Changes recommended for clinical practice that can be done quickly – like changes in prescribing practice – should be shared quickly. This is because healthcare professionals should use guidelines to guide their work – as is required by professional regulating bodies such as the General Medical and Nursing and Midwifery Councils.

Changes should be implemented as soon as possible, unless there is a good reason for not doing so (for example, if it would be better value for money if a package of recommendations were all implemented at once).

Different organisations may need different approaches to implementation, depending on their size and function. Sometimes individual practitioners may be able to respond to recommendations to improve their practice more quickly than large organisations.

Here are some pointers to help organisations put NICE guidelines into practice:

  1. Raise awareness through routine communication channels, such as email or newsletters, regular meetings, internal staff briefings and other communications with all relevant partner organisations. Identify things staff can include in their own practice straight away.
  2. Identify a lead with an interest in the topic to champion the guideline and motivate others to support its use and make service changes, and to find out any significant issues locally.
  3. Carry out a baseline assessment against the recommendations to find out whether there are gaps in current service provision.
  4. Think about what data you need to measure improvement and plan how you will collect it. You may want to work with other health and social care organisations and specialist groups to compare current practice with the recommendations. This may also help identify local issues that will slow or prevent implementation.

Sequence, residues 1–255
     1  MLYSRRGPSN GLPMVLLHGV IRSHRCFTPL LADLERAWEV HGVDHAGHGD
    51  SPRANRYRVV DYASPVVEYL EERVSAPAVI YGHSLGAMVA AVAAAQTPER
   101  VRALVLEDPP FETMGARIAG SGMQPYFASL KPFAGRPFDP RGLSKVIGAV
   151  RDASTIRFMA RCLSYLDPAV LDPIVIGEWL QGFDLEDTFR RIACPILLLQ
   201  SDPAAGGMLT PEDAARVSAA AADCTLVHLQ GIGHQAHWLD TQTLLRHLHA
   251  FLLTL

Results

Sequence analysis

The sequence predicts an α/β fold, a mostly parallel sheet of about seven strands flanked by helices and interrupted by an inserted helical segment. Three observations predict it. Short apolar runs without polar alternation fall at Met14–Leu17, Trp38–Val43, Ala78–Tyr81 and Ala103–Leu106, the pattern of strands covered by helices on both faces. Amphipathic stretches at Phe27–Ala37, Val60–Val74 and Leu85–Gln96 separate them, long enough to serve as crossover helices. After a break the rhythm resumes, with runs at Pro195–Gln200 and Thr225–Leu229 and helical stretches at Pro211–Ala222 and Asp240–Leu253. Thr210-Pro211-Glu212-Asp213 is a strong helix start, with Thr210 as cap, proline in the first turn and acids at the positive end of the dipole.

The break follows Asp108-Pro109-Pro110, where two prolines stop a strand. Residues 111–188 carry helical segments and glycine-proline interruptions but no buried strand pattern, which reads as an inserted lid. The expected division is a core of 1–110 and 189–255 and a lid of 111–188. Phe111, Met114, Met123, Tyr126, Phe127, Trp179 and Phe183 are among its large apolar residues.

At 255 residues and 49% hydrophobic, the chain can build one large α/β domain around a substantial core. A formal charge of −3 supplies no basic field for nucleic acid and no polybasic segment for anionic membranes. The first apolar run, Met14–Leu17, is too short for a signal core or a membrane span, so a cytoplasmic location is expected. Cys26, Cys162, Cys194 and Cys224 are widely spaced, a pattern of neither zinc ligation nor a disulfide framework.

5. Develop an action plan, with the steps needed to put the guideline into practice, and make sure it is ready as soon as possible. Big, complex changes may take longer to implement, but some may be quick and easy to do. An action plan will help in both cases.
  6. For very big changes include milestones and a business case, which will set out additional costs, savings and possible areas for disinvestment. A small project group could develop the action plan. The group might include the guideline champion, a senior organisational sponsor, staff involved in the associated services, finance and information professionals.
  7. Implement the action plan with oversight from the lead and the project group. Big projects may also need project management support.
  8. Review and monitor how well the guideline is being implemented through the project group. Share progress with those involved in making improvements, as well as relevant boards and local partners.

NICE provides a comprehensive programme of support and resources to maximise uptake and use of evidence and guidance. See the into practice External Web Site Policy pages for more information.

Also see Leng G, Moore V, Abraham S, editors (2014) Achieving high quality care – practical experience from NICE. Chichester: Wiley.

Implementation Tools

Clinical Algorithm

Mobile Device Resources

Patient Resources

Resources

For information about availability, see the Availability of Companion Documents and Patient Resources fields below.

IOM Care Need

Getting Better

Living with Illness

IOM Domain

Effectiveness

Patient-centeredness

Bibliographic Source(s)

National Guideline Centre. Low back pain and sciatica in over 16s: assessment and management. London (UK): National Institute for Health and Care Excellence (NICE); 2016 Nov 30. 18 p. (NICE guideline; no. 59). 

Adaptation

Not applicable: The guideline was not adapted from another source.

Date Released

2016 Nov 30

Guideline Developer(s)

National Guideline Centre - National Government Agency [Non-U.S.]

Source(s) of Funding

The National Guideline Centre was commissioned by the National Institute for Health and Care Excellence to undertake the work on this guideline.

Guideline Committee

Guideline Development Group

Composition of Group That Authored the Guideline